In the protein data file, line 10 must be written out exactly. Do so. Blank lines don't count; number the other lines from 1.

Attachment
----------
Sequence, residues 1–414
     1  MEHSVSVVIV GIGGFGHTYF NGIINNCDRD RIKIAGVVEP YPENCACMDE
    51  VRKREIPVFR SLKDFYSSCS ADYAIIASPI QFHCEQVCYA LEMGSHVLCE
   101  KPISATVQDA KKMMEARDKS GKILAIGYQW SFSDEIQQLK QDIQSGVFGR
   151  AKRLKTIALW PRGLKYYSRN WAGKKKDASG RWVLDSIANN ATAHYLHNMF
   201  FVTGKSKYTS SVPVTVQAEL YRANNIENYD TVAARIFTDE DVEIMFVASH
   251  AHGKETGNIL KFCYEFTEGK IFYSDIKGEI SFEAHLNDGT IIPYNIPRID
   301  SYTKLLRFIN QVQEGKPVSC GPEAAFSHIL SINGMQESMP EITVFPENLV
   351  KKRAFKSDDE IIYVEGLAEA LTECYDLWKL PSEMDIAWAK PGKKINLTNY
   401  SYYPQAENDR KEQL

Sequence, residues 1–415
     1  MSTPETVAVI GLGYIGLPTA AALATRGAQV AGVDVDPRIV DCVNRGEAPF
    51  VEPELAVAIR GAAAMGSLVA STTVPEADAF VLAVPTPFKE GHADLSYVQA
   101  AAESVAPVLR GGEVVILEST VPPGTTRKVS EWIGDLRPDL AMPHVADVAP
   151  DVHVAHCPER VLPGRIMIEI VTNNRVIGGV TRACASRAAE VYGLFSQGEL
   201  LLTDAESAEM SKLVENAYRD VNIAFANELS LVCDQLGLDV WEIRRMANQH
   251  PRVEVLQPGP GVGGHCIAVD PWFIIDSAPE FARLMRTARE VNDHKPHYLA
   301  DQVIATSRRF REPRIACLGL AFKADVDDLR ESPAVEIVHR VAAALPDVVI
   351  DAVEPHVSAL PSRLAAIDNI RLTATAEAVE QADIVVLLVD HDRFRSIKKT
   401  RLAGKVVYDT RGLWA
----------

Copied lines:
   401  SYYPQAENDR KEQL